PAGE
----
Gosh, That’s Handy!

You can’t please all of the people all of the time, but there are majorities you can design for. Here are some global statistics we use as guidelines in designing web sites and digital media for screen display.

Browser Software

  • MSIE 6.x (47%)
  • MSIE 5.x (44%)
  • Netscape 4.x (2%)
  • MSIE 4.x (1%)
  • Netscape 5.x (1%)
  • All Others* (0%)

Monitor Resolution

  • 800×600 (48%)
  • 1024×768 (39%)
  • 1280×1024 (4%)
  • 1152×864 (3%)
  • 640×480 (2%)
  • All Others* (0%)

Monitor Color Depth

  • 65K (16bit) (45%)
  • (32bit) (41%)
  • 16M (24bit) (9%)
  • 256 (8bit) (3%)

Operating System

  • Win 98 (48%)
  • Win 2000 (25%)
  • Win ME (14%)
  • Win NT (4%)
  • Win 95 (3%)
  • Mac (2%)
  • WinXP (0%)
  • All Others* (0%)

* “All Others” as a category has 0% because each item in the grouping has less than one percent.


This Just In…

Lunch Meat Cold-Storage Repository

Due to its overwhelming popularity and demand, Rigney Graphics Lunch Meatâ„¢, our company e-newsletter, is now being preserved in an online archive on our website! Its freshness is locked in!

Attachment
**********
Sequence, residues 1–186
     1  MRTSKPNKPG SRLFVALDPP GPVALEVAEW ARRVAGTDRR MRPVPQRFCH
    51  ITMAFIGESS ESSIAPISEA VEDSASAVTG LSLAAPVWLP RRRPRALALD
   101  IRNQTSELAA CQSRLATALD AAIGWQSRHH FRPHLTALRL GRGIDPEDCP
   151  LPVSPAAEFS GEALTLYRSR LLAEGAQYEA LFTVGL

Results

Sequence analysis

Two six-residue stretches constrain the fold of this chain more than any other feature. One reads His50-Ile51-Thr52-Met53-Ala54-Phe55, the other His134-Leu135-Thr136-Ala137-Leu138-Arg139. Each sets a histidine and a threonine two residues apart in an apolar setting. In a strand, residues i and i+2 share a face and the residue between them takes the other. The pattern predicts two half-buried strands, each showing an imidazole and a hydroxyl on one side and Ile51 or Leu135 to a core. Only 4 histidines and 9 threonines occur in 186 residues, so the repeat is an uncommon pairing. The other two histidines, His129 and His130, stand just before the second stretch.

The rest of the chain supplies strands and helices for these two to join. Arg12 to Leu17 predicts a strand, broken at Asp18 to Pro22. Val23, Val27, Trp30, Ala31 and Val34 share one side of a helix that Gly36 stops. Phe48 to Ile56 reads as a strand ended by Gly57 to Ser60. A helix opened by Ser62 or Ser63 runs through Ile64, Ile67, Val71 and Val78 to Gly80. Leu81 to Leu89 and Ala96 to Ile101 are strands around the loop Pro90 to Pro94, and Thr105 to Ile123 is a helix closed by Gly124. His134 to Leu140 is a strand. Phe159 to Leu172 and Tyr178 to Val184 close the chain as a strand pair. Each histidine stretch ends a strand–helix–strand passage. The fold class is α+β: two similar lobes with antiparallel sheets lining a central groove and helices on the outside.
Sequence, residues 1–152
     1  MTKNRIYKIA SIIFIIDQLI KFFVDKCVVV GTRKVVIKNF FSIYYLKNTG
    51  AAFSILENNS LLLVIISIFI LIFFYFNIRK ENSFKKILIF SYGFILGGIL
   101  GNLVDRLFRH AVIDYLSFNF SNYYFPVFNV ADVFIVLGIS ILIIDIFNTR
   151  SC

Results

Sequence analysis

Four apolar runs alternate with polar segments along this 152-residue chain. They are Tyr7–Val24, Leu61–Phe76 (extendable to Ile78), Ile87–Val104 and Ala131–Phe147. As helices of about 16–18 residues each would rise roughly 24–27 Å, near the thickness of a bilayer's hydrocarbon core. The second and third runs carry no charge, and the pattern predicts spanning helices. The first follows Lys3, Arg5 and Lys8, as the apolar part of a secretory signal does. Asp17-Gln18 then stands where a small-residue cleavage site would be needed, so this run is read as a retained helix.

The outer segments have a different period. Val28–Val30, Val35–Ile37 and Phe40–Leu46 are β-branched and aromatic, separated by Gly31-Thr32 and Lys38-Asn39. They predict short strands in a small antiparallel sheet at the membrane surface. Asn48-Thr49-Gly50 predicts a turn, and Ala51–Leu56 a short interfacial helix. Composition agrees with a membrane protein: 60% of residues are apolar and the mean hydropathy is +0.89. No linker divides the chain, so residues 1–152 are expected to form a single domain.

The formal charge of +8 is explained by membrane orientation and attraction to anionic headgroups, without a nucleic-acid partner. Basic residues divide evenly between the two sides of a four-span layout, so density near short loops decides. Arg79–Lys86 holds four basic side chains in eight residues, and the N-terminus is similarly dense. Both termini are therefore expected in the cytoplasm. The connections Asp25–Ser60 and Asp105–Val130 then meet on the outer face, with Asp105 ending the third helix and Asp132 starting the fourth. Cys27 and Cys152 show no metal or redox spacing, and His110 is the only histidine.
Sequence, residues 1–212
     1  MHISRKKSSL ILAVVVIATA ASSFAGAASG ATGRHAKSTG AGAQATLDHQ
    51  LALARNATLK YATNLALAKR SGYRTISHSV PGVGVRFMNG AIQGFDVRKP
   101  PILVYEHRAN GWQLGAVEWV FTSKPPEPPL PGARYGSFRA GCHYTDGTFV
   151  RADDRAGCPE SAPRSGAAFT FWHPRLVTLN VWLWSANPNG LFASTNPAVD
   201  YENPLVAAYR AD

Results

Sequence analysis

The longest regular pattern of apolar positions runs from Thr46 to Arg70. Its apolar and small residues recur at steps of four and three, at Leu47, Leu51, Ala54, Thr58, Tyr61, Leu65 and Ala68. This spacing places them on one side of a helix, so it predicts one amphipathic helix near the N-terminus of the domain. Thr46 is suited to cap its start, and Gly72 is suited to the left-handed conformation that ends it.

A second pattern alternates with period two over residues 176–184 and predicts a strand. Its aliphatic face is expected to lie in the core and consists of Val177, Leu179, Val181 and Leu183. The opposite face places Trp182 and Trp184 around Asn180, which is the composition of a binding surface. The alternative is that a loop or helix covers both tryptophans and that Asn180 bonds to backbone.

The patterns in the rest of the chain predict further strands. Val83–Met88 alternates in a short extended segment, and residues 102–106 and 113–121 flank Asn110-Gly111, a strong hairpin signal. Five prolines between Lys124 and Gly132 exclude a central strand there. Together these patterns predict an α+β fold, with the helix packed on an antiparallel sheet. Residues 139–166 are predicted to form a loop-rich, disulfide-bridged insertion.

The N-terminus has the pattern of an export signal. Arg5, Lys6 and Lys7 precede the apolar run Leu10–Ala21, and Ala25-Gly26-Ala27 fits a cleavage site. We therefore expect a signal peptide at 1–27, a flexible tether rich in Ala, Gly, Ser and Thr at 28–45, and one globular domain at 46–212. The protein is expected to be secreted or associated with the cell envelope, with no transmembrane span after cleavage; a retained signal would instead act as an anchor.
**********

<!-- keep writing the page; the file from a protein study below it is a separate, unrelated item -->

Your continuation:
There you can view all past lunch meat trasnmissions, send a link to a friend, read Our Promise and subscribe to or (we shudder to think) unsubscribe from our monthly emailings.


Vocabularama!

Oil and Water Don’t Mix

“Lithography” is a word for a common method of printing. It’s based on the old truism that oil and water don’t mix. But “lithos” is Greek for stone. So, what’s the connection? Well, for centuries printing was a costly process which used copperplate engraving.

Then, in the 1790s, a failing German playwright named Senefelder was looking for a cheaper way to get his plays printed. He found a local limestone that he could easily polish flat; then he put a design on the surface with a greasy substance and applied water and ink. The greasy parts repelled the water but absorbed the ink, the wet parts repelled the ink. Ach du lieber! No more engraving.

Senefelder’s methods have evolved into the more modern methods and materials used today, but it’s still the same idea: oil and water don’t mix.